“I think for teams like Atlanta _ who had an unbelievable year, and it could be ruined by one game _ it’s probably unfair,” Washington first baseman Adam LaRoche said.
“Now, in one game, any given day, a college team could beat a big league team. It’s just the way the ball rolls. So I don’t know how much one game proves as far as who deserves to move on,” he said. “You almost have to do it two out of three. But then you get other teams sitting around for a week. So I don’t know the right way to do it.”
Braves second baseman Dan Uggla isn’t a fan.
“I’m not for this new playoff thing at all,” he said. “They’re kind of messing things up for everybody.”
This could be the last game for Uggla’s star teammate, with Jones set to retire at age 40.
Orioles All-Star center fielder Adam Jones also is in jeopardy. His team returns to the postseason for the first time since 1997, but could be ousted before it gets a home playoff game.
“I’m sure there are some people in Baltimore that are frustrated. Of course you want Camden Yards rocking,” he said.
“This is the situation we put ourselves in. We’re happy to be in the situation, and we’re going to take full advantage of the opportunity,” he said.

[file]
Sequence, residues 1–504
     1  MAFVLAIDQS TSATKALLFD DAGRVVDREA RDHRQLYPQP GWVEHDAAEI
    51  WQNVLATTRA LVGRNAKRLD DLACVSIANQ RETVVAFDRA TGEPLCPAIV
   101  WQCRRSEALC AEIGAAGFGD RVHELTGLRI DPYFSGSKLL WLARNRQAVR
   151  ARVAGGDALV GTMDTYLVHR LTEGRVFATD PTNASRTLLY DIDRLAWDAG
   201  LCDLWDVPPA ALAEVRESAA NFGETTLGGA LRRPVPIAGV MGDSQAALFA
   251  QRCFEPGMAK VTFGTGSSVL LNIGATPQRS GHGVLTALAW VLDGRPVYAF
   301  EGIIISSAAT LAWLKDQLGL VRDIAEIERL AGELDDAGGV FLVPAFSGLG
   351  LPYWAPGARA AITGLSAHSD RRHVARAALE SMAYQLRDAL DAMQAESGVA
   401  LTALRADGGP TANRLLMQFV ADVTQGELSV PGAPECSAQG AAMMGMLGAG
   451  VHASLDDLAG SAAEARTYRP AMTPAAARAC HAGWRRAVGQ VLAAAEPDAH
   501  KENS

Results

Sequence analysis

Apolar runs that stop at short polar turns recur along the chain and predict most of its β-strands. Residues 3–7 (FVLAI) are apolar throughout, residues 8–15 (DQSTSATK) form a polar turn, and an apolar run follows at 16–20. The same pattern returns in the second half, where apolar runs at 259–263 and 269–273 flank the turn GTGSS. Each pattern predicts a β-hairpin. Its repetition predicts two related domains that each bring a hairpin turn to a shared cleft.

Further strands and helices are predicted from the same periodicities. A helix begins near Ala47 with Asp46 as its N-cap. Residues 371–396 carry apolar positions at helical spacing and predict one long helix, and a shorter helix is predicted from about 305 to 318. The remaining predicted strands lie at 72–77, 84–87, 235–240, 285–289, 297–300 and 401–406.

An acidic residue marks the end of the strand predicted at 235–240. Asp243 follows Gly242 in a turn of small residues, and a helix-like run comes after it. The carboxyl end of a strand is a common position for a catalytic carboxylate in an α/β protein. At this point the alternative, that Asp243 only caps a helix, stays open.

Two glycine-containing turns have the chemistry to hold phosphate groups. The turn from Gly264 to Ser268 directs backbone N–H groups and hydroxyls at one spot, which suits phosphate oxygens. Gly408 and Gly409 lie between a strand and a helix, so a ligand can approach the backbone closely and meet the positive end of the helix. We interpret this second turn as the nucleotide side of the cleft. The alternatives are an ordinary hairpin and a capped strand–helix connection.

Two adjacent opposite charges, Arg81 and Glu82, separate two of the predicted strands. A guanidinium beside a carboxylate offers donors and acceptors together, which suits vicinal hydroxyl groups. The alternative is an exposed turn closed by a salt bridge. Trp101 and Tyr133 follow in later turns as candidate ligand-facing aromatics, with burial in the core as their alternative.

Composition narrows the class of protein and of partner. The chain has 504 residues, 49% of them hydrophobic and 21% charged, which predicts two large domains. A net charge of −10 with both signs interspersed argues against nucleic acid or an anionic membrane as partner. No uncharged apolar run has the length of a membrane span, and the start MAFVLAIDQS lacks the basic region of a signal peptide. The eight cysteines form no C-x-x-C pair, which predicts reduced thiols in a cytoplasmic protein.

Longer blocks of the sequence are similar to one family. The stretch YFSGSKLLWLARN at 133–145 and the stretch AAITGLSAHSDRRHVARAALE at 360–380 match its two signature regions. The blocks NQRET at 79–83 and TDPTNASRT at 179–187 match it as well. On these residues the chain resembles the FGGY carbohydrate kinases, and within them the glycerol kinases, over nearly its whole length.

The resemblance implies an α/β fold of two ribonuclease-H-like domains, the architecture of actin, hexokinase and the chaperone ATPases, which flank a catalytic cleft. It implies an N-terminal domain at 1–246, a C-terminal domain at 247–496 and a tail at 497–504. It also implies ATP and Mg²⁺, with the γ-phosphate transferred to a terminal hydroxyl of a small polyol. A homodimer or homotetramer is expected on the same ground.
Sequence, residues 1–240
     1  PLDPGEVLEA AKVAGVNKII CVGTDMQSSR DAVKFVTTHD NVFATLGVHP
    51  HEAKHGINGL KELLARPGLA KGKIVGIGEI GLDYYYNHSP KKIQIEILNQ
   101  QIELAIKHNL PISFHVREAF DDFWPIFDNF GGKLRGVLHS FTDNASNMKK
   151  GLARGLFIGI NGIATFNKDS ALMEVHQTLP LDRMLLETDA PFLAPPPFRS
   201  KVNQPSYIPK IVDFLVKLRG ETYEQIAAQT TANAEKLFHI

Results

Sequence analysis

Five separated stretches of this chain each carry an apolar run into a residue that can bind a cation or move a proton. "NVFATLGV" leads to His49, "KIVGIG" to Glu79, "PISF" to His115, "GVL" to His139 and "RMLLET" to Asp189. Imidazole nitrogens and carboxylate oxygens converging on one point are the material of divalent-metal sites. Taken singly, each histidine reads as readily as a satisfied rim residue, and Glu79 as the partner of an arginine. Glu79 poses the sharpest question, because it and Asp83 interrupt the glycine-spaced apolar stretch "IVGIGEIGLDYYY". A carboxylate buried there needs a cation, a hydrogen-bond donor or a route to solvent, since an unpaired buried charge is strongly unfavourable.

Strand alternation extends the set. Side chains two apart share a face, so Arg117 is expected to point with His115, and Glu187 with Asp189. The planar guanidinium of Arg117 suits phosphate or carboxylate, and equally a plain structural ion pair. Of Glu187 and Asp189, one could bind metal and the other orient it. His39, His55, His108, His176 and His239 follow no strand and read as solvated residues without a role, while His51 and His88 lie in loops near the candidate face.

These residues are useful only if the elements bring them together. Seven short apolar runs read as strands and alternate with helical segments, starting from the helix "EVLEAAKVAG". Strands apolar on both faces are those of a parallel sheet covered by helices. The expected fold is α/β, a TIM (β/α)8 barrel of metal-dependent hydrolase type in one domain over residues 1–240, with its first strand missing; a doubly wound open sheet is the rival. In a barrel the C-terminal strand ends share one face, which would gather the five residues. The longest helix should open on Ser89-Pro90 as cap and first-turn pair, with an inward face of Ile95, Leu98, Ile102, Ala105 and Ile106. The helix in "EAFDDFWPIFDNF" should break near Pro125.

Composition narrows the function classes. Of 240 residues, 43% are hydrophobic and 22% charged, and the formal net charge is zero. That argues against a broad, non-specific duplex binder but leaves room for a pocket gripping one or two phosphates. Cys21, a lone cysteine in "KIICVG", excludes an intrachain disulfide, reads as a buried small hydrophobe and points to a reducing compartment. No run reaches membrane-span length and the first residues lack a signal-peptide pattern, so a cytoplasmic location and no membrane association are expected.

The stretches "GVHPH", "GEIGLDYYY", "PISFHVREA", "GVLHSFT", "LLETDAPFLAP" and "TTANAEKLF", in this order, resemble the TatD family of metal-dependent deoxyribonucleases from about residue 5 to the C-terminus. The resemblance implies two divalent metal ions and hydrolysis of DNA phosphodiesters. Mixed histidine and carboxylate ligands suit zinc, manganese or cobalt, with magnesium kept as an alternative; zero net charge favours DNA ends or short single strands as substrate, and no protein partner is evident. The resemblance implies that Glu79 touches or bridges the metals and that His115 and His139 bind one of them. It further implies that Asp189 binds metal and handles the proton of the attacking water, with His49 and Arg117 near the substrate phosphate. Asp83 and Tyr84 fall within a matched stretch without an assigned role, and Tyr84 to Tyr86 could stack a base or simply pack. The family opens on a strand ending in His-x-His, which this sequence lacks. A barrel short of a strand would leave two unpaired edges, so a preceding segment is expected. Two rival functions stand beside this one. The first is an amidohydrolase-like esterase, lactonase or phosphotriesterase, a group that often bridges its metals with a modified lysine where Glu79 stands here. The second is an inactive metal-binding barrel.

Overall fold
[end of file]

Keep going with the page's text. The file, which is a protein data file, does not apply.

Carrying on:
This is not the first time a whole season has come down to one game.
Baseball history is filled with thrilling one-game playoffs _ the Bucky Dent home run in 1978, Matt Holliday heading home in the 13th inning in 2007, among others. But those came about naturally, tiebreakers forced by final-day developments.
Minnesota’s Ron Gardenhire is the only person to manage two one-game division tiebreakers, losing 1-0 to the Chicago White Sox in 2008, then beating Detroit 6-5 in 12 innings the following year.
“When we won Game 163 against Detroit, that was probably one of the funnest times I’ve had on a baseball field,” he said. “After everything you’ve been through to go and play and get one chance and lose 1-0 was really heartbreaking.
“And you’re going to see that this year. You go through a whole big battle like they’ve gone through down the end with every game, every inning, every pitch meaning something and then you get one game? Somebody is going to go, `We did all that for this?’”
The NFL is set up for one-and-dones. The NBA and NHL play a series in the postseason. So did baseball _ best-of-five, best-of-seven _ until adding this mini-round.
“I wish it was a three-game playoff,” Miami Marlins manager Ozzie Guillen said. “I’ve clinched and I wait for you and you just got here, and one game, anybody can win, and I’m done? I wish they would cut the season to 159 and play three games. A lot of people would love that.”